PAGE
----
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Hilary Barry reveals her suffragette ancestry

Hilary could not be prouder of the fact her great-great-great aunt was regarded as a rebel in her day.

When Hilary Barry co-hosts TVNZ’s coverage of election night 2017 next month, it will be a particularly poignant moment for the beloved broadcaster.

Hilary, nee Pankhurst, proudly reveals to The Australian Women’s Weekly in this month’s issue, that her “great-great-great aunt” was political activist Emmeline Pankhurst – the leader of the British suffragettes, who fought for women to win the right to vote.

“Our family has always been so proud of our connection to Emmeline, and she’s always been a really inspiring historical figure in my own life,” says Hilary.

Emmeline was regarded as a rebel in her own time. The founder of the Women’s Social and Political Union, she was imprisoned countless times for using militant tactics – throwing rocks, and inciding vandalism and arson – to agitate for women’s suffrage. She died, aged 70, just before British women were given full voting rights in 1928.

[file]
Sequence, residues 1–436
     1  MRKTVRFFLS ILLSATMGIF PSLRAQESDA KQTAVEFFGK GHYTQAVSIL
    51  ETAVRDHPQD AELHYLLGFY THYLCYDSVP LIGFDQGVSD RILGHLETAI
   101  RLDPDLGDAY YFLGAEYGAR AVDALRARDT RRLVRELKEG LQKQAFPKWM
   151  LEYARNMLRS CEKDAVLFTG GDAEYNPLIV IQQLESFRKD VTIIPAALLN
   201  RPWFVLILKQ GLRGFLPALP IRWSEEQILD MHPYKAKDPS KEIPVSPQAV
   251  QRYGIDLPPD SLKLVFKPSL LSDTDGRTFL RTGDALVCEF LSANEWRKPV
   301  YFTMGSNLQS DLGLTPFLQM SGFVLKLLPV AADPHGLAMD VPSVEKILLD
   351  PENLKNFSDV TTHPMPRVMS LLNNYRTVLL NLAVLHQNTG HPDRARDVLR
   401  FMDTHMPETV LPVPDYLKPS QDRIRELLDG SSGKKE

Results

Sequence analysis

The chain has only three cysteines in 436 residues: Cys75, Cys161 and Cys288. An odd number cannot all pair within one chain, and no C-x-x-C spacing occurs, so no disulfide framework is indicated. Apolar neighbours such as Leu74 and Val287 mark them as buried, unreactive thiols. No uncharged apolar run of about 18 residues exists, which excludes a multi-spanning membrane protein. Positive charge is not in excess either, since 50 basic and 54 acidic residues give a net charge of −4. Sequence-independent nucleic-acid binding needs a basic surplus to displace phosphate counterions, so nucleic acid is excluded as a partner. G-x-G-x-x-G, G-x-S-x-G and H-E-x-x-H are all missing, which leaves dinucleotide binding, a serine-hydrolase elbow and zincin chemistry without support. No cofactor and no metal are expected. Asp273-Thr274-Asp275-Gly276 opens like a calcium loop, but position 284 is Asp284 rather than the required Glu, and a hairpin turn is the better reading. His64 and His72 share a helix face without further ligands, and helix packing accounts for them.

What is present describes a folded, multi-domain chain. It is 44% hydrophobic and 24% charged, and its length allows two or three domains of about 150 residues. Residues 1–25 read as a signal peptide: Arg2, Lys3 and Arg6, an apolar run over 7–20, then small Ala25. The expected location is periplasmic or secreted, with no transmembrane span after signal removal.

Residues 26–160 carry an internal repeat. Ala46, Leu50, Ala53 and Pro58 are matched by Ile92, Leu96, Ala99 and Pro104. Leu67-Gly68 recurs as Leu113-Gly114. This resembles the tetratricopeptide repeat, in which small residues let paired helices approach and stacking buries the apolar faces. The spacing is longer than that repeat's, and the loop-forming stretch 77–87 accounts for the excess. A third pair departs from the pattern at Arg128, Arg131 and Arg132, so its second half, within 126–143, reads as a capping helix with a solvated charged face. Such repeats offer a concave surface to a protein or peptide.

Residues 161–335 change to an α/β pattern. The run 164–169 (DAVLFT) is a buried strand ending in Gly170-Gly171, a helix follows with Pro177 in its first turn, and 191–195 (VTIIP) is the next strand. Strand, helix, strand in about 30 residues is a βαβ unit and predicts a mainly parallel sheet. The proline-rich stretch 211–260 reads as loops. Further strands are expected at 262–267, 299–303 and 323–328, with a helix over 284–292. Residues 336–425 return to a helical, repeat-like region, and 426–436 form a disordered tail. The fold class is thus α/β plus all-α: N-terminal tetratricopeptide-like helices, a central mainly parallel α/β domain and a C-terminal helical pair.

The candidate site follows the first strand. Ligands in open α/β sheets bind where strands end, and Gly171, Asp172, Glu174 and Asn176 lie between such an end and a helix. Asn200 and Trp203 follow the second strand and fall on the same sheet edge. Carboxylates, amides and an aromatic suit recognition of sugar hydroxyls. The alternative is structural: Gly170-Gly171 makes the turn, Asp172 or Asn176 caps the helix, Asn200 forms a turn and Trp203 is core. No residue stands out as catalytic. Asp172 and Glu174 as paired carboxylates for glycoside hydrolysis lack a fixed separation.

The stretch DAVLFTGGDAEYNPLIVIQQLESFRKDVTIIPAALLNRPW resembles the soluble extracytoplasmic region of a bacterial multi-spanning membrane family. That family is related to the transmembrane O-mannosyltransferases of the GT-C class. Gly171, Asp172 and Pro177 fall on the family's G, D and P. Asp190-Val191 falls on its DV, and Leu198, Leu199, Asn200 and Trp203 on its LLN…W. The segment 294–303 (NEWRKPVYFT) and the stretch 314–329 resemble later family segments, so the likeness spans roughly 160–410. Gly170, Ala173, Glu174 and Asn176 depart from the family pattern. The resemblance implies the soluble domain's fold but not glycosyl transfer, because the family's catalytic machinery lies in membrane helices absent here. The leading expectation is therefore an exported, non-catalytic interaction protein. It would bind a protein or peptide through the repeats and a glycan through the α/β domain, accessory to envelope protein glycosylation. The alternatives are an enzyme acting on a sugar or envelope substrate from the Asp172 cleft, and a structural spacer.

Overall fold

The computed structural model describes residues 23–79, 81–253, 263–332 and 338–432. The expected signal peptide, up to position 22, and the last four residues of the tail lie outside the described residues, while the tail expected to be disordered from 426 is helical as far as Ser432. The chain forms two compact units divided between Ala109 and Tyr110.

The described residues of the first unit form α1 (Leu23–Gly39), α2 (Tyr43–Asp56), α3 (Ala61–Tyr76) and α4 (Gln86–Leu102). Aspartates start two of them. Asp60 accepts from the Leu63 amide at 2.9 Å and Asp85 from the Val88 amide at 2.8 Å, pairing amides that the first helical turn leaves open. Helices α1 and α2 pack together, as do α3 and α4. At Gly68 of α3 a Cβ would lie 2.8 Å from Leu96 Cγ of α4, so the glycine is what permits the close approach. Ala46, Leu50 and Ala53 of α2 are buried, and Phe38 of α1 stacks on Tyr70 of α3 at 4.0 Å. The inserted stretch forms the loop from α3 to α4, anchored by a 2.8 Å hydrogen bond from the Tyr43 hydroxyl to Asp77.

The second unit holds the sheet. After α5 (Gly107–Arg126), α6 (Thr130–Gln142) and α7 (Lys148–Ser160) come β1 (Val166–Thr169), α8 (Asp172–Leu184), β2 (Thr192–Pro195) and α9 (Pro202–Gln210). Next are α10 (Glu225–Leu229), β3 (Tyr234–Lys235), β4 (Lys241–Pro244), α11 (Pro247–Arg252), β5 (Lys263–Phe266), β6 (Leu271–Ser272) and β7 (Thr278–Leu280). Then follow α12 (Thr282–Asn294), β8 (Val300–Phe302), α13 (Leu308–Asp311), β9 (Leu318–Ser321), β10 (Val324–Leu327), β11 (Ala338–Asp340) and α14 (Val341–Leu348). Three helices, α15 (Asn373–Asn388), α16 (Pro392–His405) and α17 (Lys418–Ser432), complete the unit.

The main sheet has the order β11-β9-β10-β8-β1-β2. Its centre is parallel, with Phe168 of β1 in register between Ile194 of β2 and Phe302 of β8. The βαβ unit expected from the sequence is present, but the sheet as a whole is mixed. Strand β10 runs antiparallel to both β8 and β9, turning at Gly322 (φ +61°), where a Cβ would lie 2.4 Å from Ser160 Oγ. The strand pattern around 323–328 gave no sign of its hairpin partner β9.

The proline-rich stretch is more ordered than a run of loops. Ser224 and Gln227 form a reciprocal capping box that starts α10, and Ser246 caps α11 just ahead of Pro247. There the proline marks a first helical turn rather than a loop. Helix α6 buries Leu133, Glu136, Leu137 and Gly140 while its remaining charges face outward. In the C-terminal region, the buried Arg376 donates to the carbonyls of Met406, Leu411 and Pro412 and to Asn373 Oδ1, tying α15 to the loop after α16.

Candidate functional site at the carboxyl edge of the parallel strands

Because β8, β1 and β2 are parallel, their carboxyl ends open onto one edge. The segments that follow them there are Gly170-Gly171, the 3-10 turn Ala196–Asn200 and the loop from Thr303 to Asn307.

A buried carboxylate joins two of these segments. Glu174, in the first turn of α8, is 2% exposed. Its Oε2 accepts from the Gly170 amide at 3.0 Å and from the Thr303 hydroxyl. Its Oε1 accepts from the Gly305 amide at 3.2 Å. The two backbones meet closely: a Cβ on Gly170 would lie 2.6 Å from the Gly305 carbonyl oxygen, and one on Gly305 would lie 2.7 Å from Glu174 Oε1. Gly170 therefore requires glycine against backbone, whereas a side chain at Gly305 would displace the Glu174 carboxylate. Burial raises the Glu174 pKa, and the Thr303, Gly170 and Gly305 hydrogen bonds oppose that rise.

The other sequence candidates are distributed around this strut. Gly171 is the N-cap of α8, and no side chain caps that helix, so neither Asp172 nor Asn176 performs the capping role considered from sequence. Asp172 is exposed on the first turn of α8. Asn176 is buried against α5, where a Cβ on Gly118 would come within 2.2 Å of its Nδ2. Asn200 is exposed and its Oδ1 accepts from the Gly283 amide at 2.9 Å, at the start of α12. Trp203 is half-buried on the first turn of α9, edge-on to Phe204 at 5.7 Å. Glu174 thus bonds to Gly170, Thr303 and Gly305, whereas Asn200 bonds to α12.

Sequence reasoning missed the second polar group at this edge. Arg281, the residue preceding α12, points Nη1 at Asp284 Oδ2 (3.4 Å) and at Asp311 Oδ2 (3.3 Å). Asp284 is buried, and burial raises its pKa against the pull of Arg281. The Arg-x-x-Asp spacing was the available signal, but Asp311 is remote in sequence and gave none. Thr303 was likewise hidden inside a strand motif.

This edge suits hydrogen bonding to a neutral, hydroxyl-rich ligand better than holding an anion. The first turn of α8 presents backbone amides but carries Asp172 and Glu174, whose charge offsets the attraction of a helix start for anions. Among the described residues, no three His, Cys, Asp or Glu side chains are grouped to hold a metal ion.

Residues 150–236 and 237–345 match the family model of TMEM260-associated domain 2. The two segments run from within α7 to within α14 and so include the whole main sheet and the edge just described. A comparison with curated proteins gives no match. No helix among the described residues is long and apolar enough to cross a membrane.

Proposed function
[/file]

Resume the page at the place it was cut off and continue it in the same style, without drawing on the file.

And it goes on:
Hilary, 47, says this year’s election got a whole lot more interesting after Jacinda Ardern stepped up to lead the Labour Party, which had until then been wallowing in the polls.

“The buildup to the election was slowing pottering along, and then it got a little more exciting didn’t it?

“The great thing about having a new young leader of an opposition party is that it will energise a younger group of people. Historically, so many young people just haven’t voted, and to have more of them engaged in the political process and then voting would be fantastic.”

The broadcaster holds huge respect for women politicians, who she was dealt with throughout her lengthy career.

“Across the political spectrum there are good, strong women doing great work. But I think we need more.”

Hilary talks more about politics – including why Jacinda Ardern should not have been asked that controversial question – as well as working women, raising teenage sons, walking away from her glittering career at TV3 two years ago, and what moving from working nights to early morning starts has meant for her family in the September issue of The Australian Women’s Weekly, on sale now.

For more see the September issue of Australian Women's Weekly magazine.